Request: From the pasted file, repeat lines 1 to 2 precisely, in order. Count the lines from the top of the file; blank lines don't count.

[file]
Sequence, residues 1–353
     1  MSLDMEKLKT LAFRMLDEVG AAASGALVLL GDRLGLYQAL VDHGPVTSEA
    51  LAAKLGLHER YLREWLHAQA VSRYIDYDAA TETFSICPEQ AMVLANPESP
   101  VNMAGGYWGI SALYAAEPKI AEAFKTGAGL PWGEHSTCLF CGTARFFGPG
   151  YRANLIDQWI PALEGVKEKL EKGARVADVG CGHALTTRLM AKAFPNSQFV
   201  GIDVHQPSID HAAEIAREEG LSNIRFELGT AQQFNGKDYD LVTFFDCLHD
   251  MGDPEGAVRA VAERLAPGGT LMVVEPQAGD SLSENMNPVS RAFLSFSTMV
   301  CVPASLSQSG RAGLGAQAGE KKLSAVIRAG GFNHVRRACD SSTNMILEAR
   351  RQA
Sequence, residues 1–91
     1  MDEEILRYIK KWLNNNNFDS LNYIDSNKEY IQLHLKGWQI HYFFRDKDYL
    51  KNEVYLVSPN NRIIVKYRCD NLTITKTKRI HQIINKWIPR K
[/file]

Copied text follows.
Sequence, residues 1–353
     1  MSLDMEKLKT LAFRMLDEVG AAASGALVLL GDRLGLYQAL VDHGPVTSEA